Tuesday, July 6, 2010
I am not a sports fan and have never claimed to be one. When it comes to watching sports, my motto is "If it doesn't benefit me or make me any money, why would I waste countless hours doing it?" With this in mind, I don't keep track of what's going on in the world of basketball. Even though I distance myself from sports, I can't help but hear stories about Lebron James being a free agent, that stuff with his mom and teammate, and lastly, his lack of a championship ring. I've heard many compare him to Kobe and many think he's a better player. Quite frankly, I think that both of them are ridiculously overpaid and with or without a ring, Lebron is ballin' both literally and figuratively. The purpose of this post is because I was watching BET over at my mom's house this weekend and they aired More Than A Game, a movie that basically shows how Lebron James made it to the NBA documenting the growth of a group of Basketball playing friends from grade school all the way to multiple stellar high school seasons. After watching the film, I was extremely proud of Lebron even though I don't know him at all. In fact, I was proud of the entire team especially the African American young men that considered themselves the "Fab Five." One teammate in particular was my favorite and his name is Dru Joyce III (pictured center). Dru's father coached the group of guys from childhood (all except one named Romeo Travis who appeared during their Sophomore year in high school). With his father as the coach, one can only imagine the extra pressure that this must have caused him. Dru not only faced this battle, he also dealt with the fact that he was smaller than most of his peers.
This post is getting lengthy so I'll get to the point where I became instantly inspired. In middle school Dru Joyce III was approximately 4'11 while his teammates had already began to undergo puberty. Dru came off the bench during a game when his team was trailing and the crowd immediately began to laugh at the thought of this skinny little boy being put in the game. If that were me I would have been extremely embarrassed and hurt to the point where my performance would have been poor. Luckily, Dru is nothing like me. Coming into this particular game he ended up shooting about seven three-pointers almost back-to-back and the crowd began to roar. This one part of the movie stands out to me. I don't know if it's because I'm skinny or if it's because of the drive and dedication that this young man possessed. It's probably the latter. To make a long story short, at the end of the film the member of the Fab Five accomplished their goal of becoming national champions after a couple of disappointments and numerous wins. Their success speaks volumes. I deem it important for you and I to set goals and work diligently to accomplish them as opposed to sitting around wishing we could become successful. Granted, we may never become national champions or go the the NBA but hey... There's room for us all to be successful in our own right. One may look at the film in question and say that seeing as though Lebron James is the only one who went to the NBA, he was the only successful team member. This couldn't be more wrong. If I read the information at the end correctly, two of the men play basketball professionally overseas and another one played football in college. They are each successful in their own right.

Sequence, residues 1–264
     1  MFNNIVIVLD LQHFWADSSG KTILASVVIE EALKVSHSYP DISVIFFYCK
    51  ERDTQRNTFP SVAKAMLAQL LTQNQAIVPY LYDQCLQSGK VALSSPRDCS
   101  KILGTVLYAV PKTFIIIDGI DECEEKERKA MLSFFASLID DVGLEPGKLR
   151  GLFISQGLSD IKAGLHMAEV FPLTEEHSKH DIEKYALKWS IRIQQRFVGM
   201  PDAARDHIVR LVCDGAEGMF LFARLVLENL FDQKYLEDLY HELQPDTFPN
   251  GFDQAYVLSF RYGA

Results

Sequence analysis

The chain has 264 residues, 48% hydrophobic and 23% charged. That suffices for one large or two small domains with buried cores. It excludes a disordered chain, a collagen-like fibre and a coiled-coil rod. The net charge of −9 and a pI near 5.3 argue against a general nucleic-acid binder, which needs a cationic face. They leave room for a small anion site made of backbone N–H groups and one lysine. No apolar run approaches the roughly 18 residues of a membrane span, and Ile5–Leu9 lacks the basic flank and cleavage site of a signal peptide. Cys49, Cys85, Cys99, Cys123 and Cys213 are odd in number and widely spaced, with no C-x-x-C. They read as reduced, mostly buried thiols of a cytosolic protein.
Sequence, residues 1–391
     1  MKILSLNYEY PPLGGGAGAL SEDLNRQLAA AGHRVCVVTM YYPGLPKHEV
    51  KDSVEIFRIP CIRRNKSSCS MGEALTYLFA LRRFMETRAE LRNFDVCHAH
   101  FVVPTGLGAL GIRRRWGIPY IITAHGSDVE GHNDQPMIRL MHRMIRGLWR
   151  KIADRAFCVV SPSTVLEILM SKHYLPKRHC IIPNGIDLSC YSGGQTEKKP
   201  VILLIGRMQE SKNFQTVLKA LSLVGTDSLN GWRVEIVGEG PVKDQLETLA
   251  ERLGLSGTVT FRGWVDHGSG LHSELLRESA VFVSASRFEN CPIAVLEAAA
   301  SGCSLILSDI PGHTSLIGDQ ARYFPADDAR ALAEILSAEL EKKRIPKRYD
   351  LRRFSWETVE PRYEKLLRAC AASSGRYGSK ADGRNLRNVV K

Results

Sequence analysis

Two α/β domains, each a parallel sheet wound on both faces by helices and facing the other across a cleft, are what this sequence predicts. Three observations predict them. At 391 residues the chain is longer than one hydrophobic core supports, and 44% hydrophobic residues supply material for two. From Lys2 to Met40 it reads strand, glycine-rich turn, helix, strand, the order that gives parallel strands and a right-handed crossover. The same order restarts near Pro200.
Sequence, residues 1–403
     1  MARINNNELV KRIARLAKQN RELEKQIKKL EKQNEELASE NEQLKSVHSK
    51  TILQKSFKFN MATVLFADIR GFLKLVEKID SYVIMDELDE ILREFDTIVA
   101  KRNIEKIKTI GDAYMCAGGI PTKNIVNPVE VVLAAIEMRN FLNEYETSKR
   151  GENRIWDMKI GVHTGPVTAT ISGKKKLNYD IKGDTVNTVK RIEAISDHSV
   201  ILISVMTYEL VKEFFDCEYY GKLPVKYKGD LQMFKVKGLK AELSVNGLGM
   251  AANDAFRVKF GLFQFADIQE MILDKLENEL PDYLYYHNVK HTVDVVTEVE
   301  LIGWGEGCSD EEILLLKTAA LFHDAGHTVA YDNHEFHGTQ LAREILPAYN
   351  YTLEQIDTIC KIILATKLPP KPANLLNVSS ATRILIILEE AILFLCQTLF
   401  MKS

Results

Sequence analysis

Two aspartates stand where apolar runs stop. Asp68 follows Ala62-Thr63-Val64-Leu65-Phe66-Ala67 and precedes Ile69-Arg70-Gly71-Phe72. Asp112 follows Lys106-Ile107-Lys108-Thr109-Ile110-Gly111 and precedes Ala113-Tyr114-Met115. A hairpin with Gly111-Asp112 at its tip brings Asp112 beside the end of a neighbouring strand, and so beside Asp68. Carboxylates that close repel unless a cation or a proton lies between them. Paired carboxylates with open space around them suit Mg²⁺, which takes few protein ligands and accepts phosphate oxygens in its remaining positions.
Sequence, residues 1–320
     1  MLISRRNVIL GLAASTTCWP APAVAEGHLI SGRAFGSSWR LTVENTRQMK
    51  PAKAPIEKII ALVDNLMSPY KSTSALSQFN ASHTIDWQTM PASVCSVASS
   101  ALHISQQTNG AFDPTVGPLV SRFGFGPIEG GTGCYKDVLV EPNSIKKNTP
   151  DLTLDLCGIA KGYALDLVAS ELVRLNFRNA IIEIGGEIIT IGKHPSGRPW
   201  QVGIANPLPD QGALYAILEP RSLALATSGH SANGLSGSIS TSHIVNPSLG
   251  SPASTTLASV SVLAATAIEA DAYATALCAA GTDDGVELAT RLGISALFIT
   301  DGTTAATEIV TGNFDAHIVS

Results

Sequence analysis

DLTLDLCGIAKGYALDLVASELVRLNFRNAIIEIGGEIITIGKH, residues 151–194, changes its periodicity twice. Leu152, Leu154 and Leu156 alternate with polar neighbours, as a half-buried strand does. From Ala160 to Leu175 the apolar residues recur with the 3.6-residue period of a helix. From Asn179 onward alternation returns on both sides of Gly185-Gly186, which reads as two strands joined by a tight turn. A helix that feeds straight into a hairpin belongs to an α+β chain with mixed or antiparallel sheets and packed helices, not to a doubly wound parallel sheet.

Don't sue me if I have these facts wrong because like I said previously, I am not a basketball fan. I just really enjoyed this film and the story behind it. Who would have imagined that a group of young men from a small city would be so successful on a national scale? Have you seen the film? If you haven't seen it, I suggest that you do so. What goals would you like to accomplish? Have you started working toward them? Oh and if you see Dru, tell him he has a fan! LoL
Thanks for reading,